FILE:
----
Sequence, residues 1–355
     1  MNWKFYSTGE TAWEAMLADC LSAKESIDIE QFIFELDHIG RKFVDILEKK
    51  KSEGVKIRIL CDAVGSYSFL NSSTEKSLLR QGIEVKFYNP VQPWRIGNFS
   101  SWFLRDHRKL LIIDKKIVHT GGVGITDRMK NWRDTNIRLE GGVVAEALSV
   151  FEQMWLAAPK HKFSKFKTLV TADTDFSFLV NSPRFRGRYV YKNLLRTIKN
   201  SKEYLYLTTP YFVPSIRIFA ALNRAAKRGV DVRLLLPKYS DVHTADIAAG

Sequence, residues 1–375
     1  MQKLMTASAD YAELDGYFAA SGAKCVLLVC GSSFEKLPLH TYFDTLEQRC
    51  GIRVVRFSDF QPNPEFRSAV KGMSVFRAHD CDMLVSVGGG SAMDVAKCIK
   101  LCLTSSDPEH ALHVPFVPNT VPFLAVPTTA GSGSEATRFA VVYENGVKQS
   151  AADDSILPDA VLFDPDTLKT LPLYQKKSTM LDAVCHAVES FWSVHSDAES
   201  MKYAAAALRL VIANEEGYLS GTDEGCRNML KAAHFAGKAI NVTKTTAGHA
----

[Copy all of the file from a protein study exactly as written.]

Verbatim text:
Sequence, residues 1–355
     1  MNWKFYSTGE TAWEAMLADC LSAKESIDIE QFIFELDHIG RKFVDILEKK
    51  KSEGVKIRIL CDAVGSYSFL NSSTEKSLLR QGIEVKFYNP VQPWRIGNFS
   101  SWFLRDHRKL LIIDKKIVHT GGVGITDRMK NWRDTNIRLE GGVVAEALSV
   151  FEQMWLAAPK HKFSKFKTLV TADTDFSFLV NSPRFRGRYV YKNLLRTIKN
   201  SKEYLYLTTP YFVPSIRIFA ALNRAAKRGV DVRLLLPKYS DVHTADIAAG

Sequence, residues 1–375
     1  MQKLMTASAD YAELDGYFAA SGAKCVLLVC GSSFEKLPLH TYFDTLEQRC
    51  GIRVVRFSDF QPNPEFRSAV KGMSVFRAHD CDMLVSVGGG SAMDVAKCIK
   101  LCLTSSDPEH ALHVPFVPNT VPFLAVPTTA GSGSEATRFA VVYENGVKQS
   151  AADDSILPDA VLFDPDTLKT LPLYQKKSTM LDAVCHAVES FWSVHSDAES
   201  MKYAAAALRL VIANEEGYLS GTDEGCRNML KAAHFAGKAI NVTKTTAGHA